If your application's exit code does not correspond to a registry entry, nssm will use the default value of AppExit when deciding what to do.
As of version 2.22, nssm can apply a mandatory delay between restarts of the application. This could be used, for example, to run a command at regular intervals such as an hourly batch script.
To specify a restart delay, create an integer (REG_DWORD) value HKLM\System\CurrentControlSet\Services\servicename\Parameters\AppDelay and set it to the number of milliseconds to wait between restarts.
The service will report its state as Paused while waiting for the next restart. Sending it a Continue control will temporarily cancel the delay and trigger a restart immediately.
Please see the section on restart throttling below for notes on how nssm works when both throttling and restart delays are configured.
To avoid a tight CPU loop, nssm will throttle restarts of the service if the monitored application exits too soon after starting. By default a threshold of 1500 milliseconds is used. To specify a different value, create an integer (REG_DWORD) value HKLM\System\CurrentControlSet\Services\servicename\Parameters\AppThrottle and set it to the required number of milliseconds.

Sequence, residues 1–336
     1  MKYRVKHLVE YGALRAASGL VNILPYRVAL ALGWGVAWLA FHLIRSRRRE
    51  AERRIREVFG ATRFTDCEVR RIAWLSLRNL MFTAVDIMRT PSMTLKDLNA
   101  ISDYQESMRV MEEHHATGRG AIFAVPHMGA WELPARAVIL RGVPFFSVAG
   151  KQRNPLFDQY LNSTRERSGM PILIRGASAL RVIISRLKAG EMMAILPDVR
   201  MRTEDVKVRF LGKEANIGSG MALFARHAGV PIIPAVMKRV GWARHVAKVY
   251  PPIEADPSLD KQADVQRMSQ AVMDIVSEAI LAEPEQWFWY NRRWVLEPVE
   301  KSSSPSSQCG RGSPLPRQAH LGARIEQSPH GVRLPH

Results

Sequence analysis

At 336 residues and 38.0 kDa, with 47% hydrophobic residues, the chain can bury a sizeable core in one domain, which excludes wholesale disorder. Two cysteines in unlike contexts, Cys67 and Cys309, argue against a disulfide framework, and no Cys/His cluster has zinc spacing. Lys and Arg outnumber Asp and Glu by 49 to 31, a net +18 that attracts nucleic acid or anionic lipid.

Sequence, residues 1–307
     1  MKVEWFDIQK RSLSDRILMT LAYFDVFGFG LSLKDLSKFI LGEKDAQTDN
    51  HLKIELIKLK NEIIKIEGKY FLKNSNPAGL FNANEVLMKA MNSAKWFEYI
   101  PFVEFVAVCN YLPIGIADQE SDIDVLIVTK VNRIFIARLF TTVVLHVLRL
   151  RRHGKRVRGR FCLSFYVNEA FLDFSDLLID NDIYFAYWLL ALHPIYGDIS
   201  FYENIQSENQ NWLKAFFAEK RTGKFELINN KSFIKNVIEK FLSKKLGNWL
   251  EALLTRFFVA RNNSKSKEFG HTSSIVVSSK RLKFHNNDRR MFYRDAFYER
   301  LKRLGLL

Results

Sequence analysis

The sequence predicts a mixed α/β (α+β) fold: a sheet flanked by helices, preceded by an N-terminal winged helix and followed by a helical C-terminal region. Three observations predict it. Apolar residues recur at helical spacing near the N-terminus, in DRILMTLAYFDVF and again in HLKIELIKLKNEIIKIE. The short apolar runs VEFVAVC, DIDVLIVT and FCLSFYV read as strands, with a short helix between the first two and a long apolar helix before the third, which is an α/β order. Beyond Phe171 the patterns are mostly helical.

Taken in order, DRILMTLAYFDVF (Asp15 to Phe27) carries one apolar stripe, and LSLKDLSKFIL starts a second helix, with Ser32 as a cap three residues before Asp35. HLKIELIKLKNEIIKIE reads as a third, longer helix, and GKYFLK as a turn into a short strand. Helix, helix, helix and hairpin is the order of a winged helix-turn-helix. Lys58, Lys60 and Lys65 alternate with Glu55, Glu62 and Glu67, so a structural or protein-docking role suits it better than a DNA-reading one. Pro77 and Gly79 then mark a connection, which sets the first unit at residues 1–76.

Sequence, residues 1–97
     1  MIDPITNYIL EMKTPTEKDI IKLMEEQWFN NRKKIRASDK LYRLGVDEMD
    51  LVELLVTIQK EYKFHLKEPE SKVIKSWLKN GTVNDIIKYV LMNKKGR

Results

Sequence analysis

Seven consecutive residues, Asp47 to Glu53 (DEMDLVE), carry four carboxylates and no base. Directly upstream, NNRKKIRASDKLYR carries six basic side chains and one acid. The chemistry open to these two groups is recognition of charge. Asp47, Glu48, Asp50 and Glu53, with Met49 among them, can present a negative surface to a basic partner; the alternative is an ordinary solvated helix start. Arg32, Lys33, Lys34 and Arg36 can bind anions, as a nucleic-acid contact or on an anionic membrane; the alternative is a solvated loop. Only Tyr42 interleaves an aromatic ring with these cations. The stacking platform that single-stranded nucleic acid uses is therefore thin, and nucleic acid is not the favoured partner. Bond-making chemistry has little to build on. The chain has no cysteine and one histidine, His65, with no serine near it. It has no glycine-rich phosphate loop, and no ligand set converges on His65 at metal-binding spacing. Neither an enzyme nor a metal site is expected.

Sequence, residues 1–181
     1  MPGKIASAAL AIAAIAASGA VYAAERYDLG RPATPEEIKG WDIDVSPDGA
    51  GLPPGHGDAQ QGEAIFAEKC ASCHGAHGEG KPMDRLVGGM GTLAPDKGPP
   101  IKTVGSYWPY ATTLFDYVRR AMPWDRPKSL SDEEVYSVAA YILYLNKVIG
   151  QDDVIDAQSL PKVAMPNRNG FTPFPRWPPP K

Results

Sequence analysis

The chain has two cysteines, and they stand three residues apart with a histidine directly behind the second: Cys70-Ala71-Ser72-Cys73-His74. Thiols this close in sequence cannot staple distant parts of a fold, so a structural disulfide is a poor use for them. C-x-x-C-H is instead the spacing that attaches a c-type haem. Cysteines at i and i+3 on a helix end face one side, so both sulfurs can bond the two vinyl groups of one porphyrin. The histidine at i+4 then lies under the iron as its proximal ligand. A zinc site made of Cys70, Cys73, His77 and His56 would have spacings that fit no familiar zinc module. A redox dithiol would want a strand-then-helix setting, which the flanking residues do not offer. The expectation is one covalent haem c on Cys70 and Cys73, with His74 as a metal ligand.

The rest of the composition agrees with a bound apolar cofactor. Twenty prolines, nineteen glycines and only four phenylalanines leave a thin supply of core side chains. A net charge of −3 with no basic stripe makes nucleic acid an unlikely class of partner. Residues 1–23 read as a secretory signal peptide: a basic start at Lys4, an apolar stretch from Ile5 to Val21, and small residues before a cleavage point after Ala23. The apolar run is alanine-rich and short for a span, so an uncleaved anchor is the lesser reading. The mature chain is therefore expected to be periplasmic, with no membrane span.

The first restart will be attempted with no delay. If the restarted application continues to exit before running for the threshold amount of milliseconds, nssm will pause for at least 2000 milliseconds, doubling the pause time for each subsequent failure. The maximum time it will pause is 256000 milliseconds, around four minutes. The delay counter is reset when the service successfully runs for at least the threshold time.
If you determine why the service failed and take action to correct the problem, you can send a Continue control to the service, which will be shown as Paused. In this way you can avoid having to wait for the next restart attempt.
When a restart delay is configured and the application exits prematurely, nssm will throttle the restart by whichever is longer of the configured delay and calculated throttle time. If, for instance, you configured a restart delay of 3000 milliseconds and the service failed on each startup, the first restart attempt would be delayed by 3000 milliseconds because 3000ms configured is longer than 0ms from throttling. The second attempt would also be delayed by 3000 milliseconds; 3000ms configured is again longer than 2000ms from throttling. The third attempt would be delayed by 4000 milliseconds; longer than the configured 3000ms.
For this reason, if you intend to use a restart delay to configure a short-running service which repeats at an interval less than five minutes, you should consider lowering the value of AppThrottle.
Process priority and CPU affinity
As of version 2.22, nssm can manage the CPU affinity and process priority of the managed application.
By default application will be launched with normal process priority and be allowed to execute on any CPU. nssm will look under HKLM\System\CurrentControlSet\Services\servicename\Parameters for registry entries to configure the application startup.
If the integer (REG_DWORD) value AppPriority is set,
nssm will interpret its value as an argument to
SetPriorityClass() and start the application with the specified